Things many librarians love: tea, cats, complaining about patrons, going on vacation to visit libraries, and of course, leftover food from panels… To which we must surely add our love of lists. Shelf lists, weeding lists, list of e-resources, listservs- the list (ahem) is endless. And if we throw in the list’s first cousins- the directory, the index and the register then I think it becomes pretty clear that our profession is probably one of the most unapologetic inventory makers out there. Which is great. But it does bother me when we try and impose our lists on our students. When we equate lists with a crash course on something of Great Significance. When the list is taken to promise instant knowledge. In short, when we make long lists of every potentially useful resource that ever existed on a topic, throw them up on a LibGuide and congratulate ourselves on Job Done. Yep, you guessed it. The time has finally come for me to put my money where my mouth is and explain my growing aversion to pathfinders, subject guides or research companions- and for you to persuade me that they still have value.
When you start to look for hidden pockets of research guide rage, complaints tend to centre around the lack of usability testing: the ugly, cluttered designs, 27 tab monster-guides and a frustrating number of broken links. Others complain about the growing system of parallel research guide websites, using software such as LibGuides to get round a lack of editing privileges on locked down library webpages. However, aesthetic sensibilities notwithstanding, this doesn’t get to what I think is the crux of the problem, which could be summed up as the disconnect between what librarians want to achieve with guides and what students get out of them. (And yes, this could apply to many library interactions, but I only have 600 words, so let’s focus…)
This disconnect is partly design related too. Research that my colleagues and I undertook showed that while most librarians organised guides by format (e.g. articles, books) most students preferred a design focused around help functions (e.g. where is the printer v how do I use the printer) or a specific research need (e.g. research an author). More recently, further research that we undertook on e-resources showed that students expect lists to offer guidance on where to start research. I suspect many current guides are merely alphabetical. These examples demonstrate that on the whole, librarians are designing guides for expert usage rather than the target student audience, which understandably causes certain problems. Aha, shout the subject guide supporters! So your antipathy can be explained by the fact that many librarians (and I include myself) merely use the tool badly? This doesn’t make the guide inherently evil, surely…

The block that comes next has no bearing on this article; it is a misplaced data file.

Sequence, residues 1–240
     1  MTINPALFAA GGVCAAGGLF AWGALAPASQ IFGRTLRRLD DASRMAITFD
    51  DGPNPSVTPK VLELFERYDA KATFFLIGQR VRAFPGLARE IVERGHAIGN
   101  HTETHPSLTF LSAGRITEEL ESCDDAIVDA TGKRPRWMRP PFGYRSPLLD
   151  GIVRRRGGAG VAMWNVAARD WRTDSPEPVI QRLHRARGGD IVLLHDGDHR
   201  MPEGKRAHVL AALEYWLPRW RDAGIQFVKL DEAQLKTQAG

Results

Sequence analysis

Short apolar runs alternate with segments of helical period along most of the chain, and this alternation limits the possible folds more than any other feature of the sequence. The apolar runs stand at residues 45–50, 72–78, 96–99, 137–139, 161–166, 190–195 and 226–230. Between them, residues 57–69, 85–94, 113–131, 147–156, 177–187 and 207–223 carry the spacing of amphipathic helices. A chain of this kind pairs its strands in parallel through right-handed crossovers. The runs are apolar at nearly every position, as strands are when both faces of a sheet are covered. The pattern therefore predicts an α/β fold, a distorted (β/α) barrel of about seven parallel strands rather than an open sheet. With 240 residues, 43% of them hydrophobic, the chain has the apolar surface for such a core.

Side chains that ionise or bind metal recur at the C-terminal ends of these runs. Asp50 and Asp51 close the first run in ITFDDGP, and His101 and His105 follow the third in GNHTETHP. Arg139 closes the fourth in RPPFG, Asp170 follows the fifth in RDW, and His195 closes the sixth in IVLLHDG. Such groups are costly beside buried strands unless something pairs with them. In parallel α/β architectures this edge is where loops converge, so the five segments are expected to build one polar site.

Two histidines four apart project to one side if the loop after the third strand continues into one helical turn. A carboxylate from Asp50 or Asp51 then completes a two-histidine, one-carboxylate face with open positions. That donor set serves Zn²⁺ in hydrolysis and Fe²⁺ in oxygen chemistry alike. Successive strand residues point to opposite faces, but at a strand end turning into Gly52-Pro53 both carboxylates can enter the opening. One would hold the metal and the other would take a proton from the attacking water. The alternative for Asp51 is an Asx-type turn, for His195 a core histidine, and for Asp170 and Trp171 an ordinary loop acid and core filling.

Well, no, but I still don’t think that gets at the heart of the matter. To my mind, it all gets back to conversations about the changing role of the librarian. Bear with me… When we started making pathfinders, these guides were shortcuts to the librarian’s brain; here are the key sources in the library on a topic. Inwardly digest and information nirvana will be yours. But nowadays, I find there’s quite a lot that’s awkward about that supposition. Firstly, the idea that we can represent all the sources in a field. We can’t. It’s very similar to the problems involved with our attempts to catalog the web- the lack of stability, the changing formats, the explosion of content mean that it’s just not going to happen. Secondly, the idea that the research guide represents the totality of, well, research. It doesn’t. Research is a process; information practices, for example, rely heavily on physical and social sources as well as textual. We are selling students short when our guides focus exclusively on research as a bunch of stuff to be found. Thirdly, the idea that without these guides, students will never use anything but JSTOR ever again. Well, possibly. But we’re not the content police and there’s only so much we can do with poorly designed research assignments that focus on the end research product while skipping over all the intermediary and more nuanced research process steps. Lastly, the idea that our librarian knowledge can be condensed into bite sized pieces that can then be transferred to a student’s brain. And that is where I think I am most squeamish. By using these guides as lists of resources we’re dumbing down the complexity of research instead of teaching survival strategies for knowledge societies of the future. We’re representing knowledge as fixed and static rather than messy and changeable and open to questioning. And, most importantly, we’re saying that our librarian knowledge can be condensed into everything you need to know, all packaged in a neat five box format. We’re selling ourselves and our expertise short when it is more necessary than ever before.
Ok, Alison. Enough with the histrionics. Just tell me what a thwarted list-lovin’ librarian is to do… Well, I think it depends on what you are going for. If you’re designing a guide for a class, build it round the research process, add context, distinguish between learning and doing. And if you’re still not convinced, I would love to hear your defence of guides. We could even start a list 🙂
University of Colorado, Boulder
alison.hicks (at) colorado.edu